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Silk Sari Turned Kimono + Tutorial

Silk Sari turned Kimono

A couple years ago Miss Lulu nicely gifted me half a vintage silk sari. That was about 3+ yards! What to do with such a lovely lightweight, semi-sheer silk? Why not make a kimono?

Silk Sari turned Kimono

This fabric was perfect for a kimono as it’s so light that it easily catches the wind while you walk, making for a breezy, bohemian look.

Silk Sari turned Kimono

Kimonos are certainly having a moment and there are numerous patterns and tutorials to be found from quick and simple, to fitted and sleek, to cozy and rounded. None of these “fashion kimonos” really resemble actual Japanese kimonos but that’s ok, these are more like fancy bathrobes. 😉

Silk Sari turned Kimono

This kimono is super easy because it has cut on sleeves, minimizing the amount of sewing.

Silk Sari turned Kimono

Because the silk is so fine I French seamed the two sleeve/side seams and hand rolled the hem all around the sleeves, hem and neckline. That was a lot of hand rolling! But the result is so nice.

Silk Sari turned Kimono

My fabric was 50in wide and long that I was able to avoid having a shoulder seam. I simply folded the fabric at the shoulder, but this tutorial is going to assume you’ll need two layers of fabric and a shoulder seam.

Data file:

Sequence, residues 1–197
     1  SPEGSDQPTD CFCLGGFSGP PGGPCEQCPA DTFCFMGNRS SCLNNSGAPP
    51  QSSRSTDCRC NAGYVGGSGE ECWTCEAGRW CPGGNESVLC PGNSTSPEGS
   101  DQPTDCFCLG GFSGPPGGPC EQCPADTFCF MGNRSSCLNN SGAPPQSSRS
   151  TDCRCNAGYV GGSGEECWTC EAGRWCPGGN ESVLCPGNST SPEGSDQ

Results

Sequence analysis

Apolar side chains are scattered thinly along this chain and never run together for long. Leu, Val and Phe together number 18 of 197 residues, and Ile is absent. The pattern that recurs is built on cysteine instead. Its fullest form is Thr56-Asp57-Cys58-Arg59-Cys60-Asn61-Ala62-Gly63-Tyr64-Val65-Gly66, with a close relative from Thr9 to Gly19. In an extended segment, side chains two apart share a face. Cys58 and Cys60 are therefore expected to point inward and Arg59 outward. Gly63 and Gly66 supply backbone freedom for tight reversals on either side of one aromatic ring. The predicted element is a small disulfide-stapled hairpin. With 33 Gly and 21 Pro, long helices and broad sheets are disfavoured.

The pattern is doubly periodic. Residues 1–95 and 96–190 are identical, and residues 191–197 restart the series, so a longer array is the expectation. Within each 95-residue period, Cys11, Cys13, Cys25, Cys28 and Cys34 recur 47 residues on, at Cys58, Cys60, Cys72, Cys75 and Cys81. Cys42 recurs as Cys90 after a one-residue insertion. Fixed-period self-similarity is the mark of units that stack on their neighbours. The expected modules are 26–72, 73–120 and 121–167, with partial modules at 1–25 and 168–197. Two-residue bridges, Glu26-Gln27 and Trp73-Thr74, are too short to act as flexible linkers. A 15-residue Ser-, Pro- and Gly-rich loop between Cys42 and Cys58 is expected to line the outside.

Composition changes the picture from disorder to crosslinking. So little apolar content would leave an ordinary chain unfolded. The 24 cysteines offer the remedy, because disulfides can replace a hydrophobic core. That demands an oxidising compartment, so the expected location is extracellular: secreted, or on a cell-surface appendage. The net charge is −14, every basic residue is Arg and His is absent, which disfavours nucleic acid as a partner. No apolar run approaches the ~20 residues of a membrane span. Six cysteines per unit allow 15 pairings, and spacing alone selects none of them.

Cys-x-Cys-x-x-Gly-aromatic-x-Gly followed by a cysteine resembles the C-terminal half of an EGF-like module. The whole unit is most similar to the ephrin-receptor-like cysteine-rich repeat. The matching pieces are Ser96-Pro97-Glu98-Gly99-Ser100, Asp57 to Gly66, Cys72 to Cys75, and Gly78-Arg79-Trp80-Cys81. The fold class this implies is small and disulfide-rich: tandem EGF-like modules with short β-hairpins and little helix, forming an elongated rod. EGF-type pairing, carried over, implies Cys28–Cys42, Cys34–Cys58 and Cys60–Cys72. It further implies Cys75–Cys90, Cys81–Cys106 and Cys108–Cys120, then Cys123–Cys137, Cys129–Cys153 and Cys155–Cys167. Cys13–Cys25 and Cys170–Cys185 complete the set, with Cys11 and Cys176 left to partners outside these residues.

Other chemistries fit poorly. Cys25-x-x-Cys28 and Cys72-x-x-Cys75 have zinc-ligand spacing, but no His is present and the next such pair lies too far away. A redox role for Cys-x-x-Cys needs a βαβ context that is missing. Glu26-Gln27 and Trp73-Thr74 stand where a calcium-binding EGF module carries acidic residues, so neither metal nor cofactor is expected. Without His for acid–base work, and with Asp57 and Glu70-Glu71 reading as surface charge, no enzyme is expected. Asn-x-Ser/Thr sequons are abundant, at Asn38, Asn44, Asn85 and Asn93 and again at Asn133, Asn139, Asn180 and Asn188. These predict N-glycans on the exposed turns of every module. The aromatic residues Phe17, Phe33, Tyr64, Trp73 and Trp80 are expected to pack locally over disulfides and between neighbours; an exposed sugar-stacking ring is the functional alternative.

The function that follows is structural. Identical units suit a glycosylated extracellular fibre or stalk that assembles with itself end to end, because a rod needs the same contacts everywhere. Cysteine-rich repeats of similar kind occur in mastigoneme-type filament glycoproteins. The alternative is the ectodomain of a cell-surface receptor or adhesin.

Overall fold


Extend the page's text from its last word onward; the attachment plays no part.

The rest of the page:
Silk Sari turned Kimono



Kimono DIY Tutorial

First, you’ll need to take some measurements.

1. Length from back of the neck to where you want your hem to be.

2. Length from back of the neck to about mid-forearm x 2.

3. Circumference on the widest part of your bicep.

4. Waist measurement.


Cut two rectangles the length of Measurement 1 and the width of Measurement 2.

On both fabric pieces, measure the body of the kimono like the image below. Mark the center front/back.


On both pieces, curve the underarm seams slightly.

On the back piece, curve the center back at the neckline about 8in wide.


On the front piece, draw a sloping line from the side of the neck to the center front at the hem.


Cut the fabric along the pink lines.

Right sides together, stitch the kimono at the shoulder seams and the underarm/side seams. (If using a fine, lightweight fabric, consider using French seams.)

Hem the sleeves, bottom edge, neckline, and center front with a narrow hem/rolled hem.

Silk Sari turned Kimono

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